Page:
You know, I have always had (and still have) doubts about there being anything after this life. And, of course, the pragmatic part of my brain recognizes that it certainly could have been the medications he was taking, or some further metastasis to his brain, right? But, if I’m being honest about what my gut tells me, or, my heart? There were angels in my friend’s room.

You know what? Fuck it, I’m going to share one more story about him… A few weeks before the time I just shared, the two of us were talking about the possibility of an afterlife. He had just gotten word that things had taken a grim turn and that he probably had only weeks left to live, so, it was a pretty earnest conversation. We discussed the idea of there being a Heaven, with a gate, and I asked him who he would like to be the first person he got to see after being let inside… and the fucker answered “You.” Then, after we had laughed ourselves fucking hoarse, he added “No… I want to see my dogs from childhood.”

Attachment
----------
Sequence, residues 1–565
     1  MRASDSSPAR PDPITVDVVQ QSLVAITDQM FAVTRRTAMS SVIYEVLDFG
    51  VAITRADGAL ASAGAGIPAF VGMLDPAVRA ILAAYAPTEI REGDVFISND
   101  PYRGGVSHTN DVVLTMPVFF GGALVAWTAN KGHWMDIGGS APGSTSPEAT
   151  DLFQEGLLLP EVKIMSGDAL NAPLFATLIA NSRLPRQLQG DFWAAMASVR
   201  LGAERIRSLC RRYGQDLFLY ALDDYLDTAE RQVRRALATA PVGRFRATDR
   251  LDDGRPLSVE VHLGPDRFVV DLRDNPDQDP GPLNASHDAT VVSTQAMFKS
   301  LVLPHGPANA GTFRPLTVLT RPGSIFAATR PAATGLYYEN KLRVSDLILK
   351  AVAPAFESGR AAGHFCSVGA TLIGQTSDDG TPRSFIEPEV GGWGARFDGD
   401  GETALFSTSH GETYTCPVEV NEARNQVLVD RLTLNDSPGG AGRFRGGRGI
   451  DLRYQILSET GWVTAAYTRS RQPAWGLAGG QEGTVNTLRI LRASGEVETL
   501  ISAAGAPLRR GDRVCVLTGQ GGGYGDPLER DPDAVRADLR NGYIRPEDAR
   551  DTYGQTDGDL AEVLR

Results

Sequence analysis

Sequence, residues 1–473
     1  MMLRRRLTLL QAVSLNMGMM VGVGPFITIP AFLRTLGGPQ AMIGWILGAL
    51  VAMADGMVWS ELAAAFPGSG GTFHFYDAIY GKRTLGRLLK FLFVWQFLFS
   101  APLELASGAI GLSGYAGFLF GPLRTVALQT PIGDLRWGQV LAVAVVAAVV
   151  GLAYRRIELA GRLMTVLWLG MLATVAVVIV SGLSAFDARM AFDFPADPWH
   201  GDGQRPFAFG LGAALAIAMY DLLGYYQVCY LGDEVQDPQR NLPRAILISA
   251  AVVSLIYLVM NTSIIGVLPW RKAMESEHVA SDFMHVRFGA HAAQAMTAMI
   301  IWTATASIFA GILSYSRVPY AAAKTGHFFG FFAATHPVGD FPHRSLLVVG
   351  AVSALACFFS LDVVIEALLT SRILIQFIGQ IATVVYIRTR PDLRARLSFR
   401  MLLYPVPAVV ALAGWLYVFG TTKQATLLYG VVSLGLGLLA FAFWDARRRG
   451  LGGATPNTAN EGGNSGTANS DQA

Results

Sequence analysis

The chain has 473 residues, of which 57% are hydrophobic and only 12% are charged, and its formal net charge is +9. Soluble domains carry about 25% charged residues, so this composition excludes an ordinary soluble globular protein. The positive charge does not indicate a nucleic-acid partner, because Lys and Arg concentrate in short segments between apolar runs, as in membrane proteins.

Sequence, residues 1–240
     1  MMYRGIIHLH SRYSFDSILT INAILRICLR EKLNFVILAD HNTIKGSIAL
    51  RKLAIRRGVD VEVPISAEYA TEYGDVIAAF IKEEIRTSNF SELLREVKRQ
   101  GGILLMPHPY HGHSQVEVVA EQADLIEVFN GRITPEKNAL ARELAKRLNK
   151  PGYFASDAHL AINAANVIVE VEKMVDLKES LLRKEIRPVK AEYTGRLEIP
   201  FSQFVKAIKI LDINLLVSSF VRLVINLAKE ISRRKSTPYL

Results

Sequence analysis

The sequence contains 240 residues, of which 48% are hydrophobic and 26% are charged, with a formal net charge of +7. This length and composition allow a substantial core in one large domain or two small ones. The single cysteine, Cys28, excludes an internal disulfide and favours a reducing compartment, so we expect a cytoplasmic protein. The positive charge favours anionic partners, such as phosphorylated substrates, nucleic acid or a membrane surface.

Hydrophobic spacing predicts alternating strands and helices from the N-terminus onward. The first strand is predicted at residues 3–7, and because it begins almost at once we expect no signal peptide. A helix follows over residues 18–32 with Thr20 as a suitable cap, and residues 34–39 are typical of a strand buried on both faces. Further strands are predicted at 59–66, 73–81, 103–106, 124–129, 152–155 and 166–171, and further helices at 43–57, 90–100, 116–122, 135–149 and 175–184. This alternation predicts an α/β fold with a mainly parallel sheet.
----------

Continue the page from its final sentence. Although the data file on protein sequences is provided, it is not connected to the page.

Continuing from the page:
I’m going to go hug my wife now. Much love, strangers. Much, much love.

24. A nice old lady who told my CNA she wanted to wear all white. When asked why, she said “the man in black is here.” She looked in the corner of the room. The CNA looked, but there was no one there.

That’s when I came into the room. We asked her to describe what she was seeing and she said “he’s in all black, and he’s got a top hat on.”

the hat man

Then she whispered “and his eyes are red” while her eyes moved across the room to directly behind the CNA, like she was watching him move closer to us. She died later that night. But it was unexpected. That room creeped me out for a long time after that.